Bond giant Pimco expects 30 percent chance of U.S. recession in '19

NEW YORK (Reuters) - Declining global economic growth rates will boost defensive stocks and could lead to opportunities in emerging market currencies and mortgage bonds in the year ahead, asset manager Pacific Investment Management Co (Pimco) said in its 2019 outlook on Thursday.

Higher interest rates and fading fiscal stimulus will leave the U.S. economy at a 30 percent chance of falling into a recession, the highest probability at any point during the nine-year economic expansion, Pimco said.

“The models are flashing orange rather than red,” the firm noted.

A slowing economy will bring the U.S. growth rate closer to the stalled economies of China, Europe and Japan and limit inflation, making mortgage-backed securities an attractive alternative to investment-grade credit, Pimco wrote.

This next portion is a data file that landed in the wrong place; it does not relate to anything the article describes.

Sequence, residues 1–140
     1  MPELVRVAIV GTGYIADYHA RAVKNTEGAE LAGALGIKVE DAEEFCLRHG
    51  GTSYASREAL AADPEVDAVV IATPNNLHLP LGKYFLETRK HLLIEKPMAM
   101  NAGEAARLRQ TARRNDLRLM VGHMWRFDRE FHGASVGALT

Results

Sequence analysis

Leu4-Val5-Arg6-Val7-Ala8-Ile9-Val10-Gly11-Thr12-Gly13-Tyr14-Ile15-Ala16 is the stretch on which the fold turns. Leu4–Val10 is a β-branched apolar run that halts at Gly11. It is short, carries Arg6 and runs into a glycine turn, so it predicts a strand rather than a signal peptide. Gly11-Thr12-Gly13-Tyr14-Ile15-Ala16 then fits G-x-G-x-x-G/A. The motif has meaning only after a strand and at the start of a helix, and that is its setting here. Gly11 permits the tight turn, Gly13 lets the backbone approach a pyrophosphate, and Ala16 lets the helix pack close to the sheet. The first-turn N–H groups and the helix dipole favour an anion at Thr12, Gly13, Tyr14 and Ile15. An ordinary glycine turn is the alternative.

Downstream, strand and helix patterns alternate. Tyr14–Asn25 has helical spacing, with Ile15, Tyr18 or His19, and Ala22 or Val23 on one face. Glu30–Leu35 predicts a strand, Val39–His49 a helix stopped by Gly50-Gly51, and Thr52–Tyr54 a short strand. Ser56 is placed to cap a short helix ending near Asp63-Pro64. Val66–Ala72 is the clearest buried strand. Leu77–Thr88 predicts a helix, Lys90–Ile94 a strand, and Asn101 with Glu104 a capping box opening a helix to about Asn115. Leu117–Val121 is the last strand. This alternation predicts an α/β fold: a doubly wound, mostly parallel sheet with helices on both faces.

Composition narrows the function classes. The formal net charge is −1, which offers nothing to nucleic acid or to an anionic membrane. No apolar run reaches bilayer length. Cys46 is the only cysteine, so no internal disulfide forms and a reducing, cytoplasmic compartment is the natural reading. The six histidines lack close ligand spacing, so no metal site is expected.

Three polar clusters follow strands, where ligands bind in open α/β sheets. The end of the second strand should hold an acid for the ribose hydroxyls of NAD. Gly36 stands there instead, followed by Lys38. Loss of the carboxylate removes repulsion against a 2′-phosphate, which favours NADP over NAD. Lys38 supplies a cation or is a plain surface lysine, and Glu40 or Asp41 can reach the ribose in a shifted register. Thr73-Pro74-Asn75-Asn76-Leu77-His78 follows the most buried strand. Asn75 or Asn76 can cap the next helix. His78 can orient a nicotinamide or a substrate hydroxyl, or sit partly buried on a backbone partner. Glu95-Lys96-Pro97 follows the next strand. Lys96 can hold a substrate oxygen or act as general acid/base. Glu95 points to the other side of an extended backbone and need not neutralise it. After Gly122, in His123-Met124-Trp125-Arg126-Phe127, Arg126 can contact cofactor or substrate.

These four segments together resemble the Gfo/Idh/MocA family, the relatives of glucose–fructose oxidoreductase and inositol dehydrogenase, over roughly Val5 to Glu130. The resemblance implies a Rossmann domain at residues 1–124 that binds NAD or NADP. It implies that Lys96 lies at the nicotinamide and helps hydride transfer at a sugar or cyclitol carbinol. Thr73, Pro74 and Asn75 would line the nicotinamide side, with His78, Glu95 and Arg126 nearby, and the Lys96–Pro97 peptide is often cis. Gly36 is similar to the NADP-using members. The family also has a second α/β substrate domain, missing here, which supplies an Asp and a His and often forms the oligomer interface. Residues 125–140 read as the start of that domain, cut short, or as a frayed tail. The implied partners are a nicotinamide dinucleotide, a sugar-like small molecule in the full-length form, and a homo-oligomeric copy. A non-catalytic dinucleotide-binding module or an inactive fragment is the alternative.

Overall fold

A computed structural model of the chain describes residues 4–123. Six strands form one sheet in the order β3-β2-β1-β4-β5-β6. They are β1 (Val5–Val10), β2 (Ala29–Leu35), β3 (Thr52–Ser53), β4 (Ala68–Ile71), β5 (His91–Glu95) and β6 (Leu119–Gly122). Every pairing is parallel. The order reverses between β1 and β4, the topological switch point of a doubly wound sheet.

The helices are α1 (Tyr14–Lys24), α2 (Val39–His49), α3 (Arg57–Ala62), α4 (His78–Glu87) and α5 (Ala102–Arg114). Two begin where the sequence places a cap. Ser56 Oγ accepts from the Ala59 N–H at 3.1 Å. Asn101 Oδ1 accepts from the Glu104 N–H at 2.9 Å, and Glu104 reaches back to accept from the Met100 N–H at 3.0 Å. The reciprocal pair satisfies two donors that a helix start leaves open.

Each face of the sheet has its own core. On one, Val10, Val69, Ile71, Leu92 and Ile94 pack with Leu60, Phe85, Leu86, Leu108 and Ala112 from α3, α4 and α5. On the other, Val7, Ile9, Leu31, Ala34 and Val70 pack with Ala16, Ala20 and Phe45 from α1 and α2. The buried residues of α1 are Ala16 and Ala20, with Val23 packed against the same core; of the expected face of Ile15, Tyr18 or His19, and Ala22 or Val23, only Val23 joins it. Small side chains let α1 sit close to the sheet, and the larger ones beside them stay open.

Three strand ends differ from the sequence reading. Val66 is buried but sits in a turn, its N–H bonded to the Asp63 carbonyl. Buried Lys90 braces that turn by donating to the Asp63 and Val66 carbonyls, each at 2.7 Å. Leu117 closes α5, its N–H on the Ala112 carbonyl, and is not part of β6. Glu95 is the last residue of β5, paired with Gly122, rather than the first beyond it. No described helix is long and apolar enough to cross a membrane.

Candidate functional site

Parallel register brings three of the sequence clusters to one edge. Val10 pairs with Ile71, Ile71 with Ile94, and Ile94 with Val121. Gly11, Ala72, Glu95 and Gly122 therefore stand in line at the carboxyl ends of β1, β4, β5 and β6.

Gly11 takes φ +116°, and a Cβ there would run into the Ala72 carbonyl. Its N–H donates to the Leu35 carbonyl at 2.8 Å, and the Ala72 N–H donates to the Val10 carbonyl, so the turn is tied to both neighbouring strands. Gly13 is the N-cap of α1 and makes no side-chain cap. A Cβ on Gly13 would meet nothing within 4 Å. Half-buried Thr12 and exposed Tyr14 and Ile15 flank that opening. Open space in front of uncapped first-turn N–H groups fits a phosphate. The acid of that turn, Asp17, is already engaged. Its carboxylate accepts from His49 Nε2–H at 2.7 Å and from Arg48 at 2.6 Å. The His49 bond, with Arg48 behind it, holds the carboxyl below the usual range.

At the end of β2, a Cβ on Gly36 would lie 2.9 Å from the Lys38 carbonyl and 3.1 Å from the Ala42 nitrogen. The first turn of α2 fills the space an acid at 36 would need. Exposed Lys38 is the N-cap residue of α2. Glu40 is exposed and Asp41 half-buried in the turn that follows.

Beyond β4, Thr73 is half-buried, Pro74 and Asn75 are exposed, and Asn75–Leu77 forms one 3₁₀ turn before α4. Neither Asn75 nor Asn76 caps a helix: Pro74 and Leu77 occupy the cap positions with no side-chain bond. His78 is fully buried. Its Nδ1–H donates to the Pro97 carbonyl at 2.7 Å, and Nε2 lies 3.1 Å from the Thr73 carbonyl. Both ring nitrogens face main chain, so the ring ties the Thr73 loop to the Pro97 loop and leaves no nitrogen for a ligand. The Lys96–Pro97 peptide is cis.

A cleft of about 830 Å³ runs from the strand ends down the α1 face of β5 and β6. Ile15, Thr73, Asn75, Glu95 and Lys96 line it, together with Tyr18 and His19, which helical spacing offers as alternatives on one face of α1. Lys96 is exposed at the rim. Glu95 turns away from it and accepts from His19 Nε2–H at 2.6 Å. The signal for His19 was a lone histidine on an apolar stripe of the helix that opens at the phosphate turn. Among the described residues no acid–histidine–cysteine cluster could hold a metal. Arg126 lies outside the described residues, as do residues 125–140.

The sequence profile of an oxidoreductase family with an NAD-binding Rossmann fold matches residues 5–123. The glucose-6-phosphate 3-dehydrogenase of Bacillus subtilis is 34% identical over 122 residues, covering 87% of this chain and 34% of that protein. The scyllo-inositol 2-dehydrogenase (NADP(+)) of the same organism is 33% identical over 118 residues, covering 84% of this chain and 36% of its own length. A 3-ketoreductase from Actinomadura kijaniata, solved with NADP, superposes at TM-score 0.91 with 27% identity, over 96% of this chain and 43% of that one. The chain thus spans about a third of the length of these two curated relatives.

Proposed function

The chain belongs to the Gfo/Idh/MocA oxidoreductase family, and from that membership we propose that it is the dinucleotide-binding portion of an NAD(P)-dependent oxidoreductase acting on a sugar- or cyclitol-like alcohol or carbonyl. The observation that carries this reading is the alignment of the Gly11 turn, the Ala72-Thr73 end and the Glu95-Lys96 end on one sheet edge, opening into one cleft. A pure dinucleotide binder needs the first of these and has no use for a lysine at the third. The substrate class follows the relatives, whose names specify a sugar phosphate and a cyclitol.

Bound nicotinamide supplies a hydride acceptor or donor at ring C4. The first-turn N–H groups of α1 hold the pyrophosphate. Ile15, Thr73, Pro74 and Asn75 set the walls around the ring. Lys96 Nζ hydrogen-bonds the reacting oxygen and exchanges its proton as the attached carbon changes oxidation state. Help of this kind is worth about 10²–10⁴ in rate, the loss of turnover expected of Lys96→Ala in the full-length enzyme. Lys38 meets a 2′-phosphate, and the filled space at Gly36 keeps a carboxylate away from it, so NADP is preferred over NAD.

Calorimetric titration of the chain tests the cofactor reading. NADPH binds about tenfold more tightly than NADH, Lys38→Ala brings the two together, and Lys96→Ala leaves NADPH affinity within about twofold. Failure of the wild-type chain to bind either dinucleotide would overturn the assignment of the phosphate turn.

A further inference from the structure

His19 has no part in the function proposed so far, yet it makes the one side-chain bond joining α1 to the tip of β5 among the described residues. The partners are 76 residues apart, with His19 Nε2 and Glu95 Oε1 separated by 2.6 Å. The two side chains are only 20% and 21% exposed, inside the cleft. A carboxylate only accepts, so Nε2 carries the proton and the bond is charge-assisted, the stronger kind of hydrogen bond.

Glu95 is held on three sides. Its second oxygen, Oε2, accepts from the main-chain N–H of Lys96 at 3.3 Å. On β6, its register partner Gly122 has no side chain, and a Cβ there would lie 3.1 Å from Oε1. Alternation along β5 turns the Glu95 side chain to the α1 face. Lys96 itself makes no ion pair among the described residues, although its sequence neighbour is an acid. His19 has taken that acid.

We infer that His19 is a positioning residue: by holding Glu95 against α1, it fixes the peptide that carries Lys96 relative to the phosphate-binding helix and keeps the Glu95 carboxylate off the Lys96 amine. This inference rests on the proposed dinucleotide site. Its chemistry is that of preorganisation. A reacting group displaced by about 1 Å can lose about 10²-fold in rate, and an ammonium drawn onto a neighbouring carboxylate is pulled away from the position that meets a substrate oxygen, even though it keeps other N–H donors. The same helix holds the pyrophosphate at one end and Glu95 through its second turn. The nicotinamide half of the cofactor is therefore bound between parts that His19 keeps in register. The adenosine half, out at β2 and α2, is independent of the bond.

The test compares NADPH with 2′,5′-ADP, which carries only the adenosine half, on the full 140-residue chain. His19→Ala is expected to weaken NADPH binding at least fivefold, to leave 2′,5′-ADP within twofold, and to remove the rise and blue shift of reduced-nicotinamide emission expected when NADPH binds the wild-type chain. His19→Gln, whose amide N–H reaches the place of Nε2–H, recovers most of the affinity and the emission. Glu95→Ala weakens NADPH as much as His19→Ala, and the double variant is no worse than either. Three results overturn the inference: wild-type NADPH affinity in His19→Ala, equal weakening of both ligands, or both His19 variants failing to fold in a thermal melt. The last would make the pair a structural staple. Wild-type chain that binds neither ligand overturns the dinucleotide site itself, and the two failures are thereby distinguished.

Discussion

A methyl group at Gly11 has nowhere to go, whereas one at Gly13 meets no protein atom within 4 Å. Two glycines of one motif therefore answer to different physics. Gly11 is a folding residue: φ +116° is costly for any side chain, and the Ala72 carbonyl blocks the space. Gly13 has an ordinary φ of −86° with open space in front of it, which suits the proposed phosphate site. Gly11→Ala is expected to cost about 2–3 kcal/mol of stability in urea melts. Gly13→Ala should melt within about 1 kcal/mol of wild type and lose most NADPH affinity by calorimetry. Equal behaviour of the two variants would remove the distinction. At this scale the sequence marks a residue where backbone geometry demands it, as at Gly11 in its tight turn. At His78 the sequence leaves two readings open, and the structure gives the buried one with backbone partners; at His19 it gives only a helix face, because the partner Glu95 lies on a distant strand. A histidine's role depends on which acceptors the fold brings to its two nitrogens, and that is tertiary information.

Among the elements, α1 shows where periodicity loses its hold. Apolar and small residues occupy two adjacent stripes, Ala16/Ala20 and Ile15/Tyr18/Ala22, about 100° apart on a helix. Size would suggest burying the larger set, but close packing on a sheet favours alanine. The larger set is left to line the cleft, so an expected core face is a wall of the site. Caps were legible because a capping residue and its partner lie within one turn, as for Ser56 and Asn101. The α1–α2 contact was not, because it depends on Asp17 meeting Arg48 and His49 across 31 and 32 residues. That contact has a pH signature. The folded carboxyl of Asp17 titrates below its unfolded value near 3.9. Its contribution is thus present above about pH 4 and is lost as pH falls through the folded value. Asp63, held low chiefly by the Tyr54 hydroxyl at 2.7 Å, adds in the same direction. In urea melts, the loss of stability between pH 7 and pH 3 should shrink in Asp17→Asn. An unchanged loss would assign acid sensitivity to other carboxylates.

“While the expansion has been aging gracefully, we believe the global economy is past peak growth in the cycle,” the firm wrote.

Falling growth expectations will depress valuations in the U.S. stock market and leave equity markets volatile in 2019, Pimco expects. There is also little likelihood of a breakthrough in the simmering trade war between the U.S. and China, the firm predicted.

“The conflict between the U.S. and China is more deep-rooted and about much more than trade alone, and would thus continue to be a source of uncertainty and volatility even if there were a deal on trade,” the firm said.

In Europe, UK financial bonds continue to look attractive given the low probability of a chaotic, no-deal Brexit, the firm noted. At the same time, the firm remains “cautious” on both sovereign credits and corporate bonds in peripheral Europe given Italy’s budget deficit.

Reporting by David Randall; editing by Jonathan Oatis